The Greenwater Report for October 20, 2010

Saskatoon, Wednesday, October 20, 2010

October 16th, 2010:

It's been cool the last few days, but still lots of sunshine, and it's not too often the temperature dips below freezing.

Harvesting seems to be progressing, despite having very short days and problems with wet fields. We hear all kinds of horror stories about getting stuck with combines and sometimes having to take them out in two pieces. A farmer from the Delisle district told me the field seems hard, but if the combine or truck breaks through a crust, it's down to the axles. Grain wagons are finally coming into their own; with their huge wheels they can float on top, letting the semis stay on the high ground or roads. They haul about three hoppers worth of grain, and unload in seconds.

We went to Mozart on Thanksgiving – just down in the morning and back in the evening. The Grimsons were still trying to get their last field dry enough to combine. I think they only have about a hundred acres left to combine.They have lots of last year's crop in those big white plastic socks, but can't get close enough to haul the grain to market. Fields are still pretty wet in that area, which was likely the wettest in the province.

We had a very nice visit, and a great Thanksgiving dinner. We also winterized our old motor home, which we have stored there for the winter, and Laurie's and Bryan's motor home. Jill's and Mark's motor home was already winterized, and Al's and Aimee's trailer, so we lined them all up in a row. Looked like a used RV lot!

We almost took our new motor home to Mozart, thinking we could make a three or four day trip out of it, with stops at Kelvington and Greenwater. The weather sure looked good enough. Then we decided to accept the fact that summer is over. We drained and winterized the motor home when we got back from Mozart; now it is all ready for a long winter's nap.

One of our Wynyard/Foam Lake coffee regulars died recently, after a long string of health problems. Mike Wanhella was an electrician in Wynyard for years; he and Elaine retired to Saskatoon and Mike occasionally joined us at coffee. Mike had a wonderful sense of humour and we really enjoyed his visits. We will miss him. We extend our condolences to Elaine and family.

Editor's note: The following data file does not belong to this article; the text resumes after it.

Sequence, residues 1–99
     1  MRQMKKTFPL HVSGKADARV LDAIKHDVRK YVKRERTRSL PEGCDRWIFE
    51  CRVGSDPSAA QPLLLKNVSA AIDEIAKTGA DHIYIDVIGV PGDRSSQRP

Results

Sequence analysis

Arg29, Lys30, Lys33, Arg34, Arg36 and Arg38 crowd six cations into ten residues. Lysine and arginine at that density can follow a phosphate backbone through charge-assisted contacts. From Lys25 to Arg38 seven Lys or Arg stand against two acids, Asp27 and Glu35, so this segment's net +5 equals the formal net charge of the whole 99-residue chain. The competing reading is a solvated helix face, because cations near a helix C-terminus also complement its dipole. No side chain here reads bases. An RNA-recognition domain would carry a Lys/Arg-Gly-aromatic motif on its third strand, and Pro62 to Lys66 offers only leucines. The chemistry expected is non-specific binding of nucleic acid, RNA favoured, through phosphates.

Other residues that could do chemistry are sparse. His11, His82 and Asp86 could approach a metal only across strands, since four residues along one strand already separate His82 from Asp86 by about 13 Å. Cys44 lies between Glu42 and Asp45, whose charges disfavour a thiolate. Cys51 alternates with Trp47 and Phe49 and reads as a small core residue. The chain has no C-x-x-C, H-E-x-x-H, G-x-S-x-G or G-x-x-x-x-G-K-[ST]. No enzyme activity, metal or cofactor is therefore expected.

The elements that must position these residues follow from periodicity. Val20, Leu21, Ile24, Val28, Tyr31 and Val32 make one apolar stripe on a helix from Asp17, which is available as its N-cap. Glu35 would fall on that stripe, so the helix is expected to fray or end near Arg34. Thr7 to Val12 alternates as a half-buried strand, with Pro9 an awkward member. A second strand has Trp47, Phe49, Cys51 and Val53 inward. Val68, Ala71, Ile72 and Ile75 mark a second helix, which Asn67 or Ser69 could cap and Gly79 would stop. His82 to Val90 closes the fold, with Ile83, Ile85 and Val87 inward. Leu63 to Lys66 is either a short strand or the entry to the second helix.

Bryan Bjarnason, who we referred to as President of the Wynyard/Foam Lake group, moved to Red Deer with his wife, Evelyn, and we missed him at coffee. However, they have moved back to Saskatoon, finding they just weren't ready for the change in lifestyle, and now Bryan is back at coffee row. I'm sure the position of President is open to him.

Fishing Lake is apparently still having problems with too much water. Some say the water level is even higher than it was three years ago. Berms have been built to protect the real estate in many places. Whether they can withstand an assault from ice and wind in the spring remains to be seen.

We went out to Wanuskewin a couple of weeks ago. They had a very good showing of some of Allen Sapp's original paintings; most of them we hadn't seen before as they were loaned from private collections. There was also a display of portraits of native people, drawn from photographs, that was very interesting. The Sapp display is on until the end of the month, so if you are an Allen Sapp fan, you would find it well worth a trip.

We went to our first Persephone Theatre play of the season. The play was Great Expectations; we didn't care much for it but the supper and the evening in general was a success. Next show is on November 3rd.

Doreen & Jerry Crawford

Retrun to Ensign

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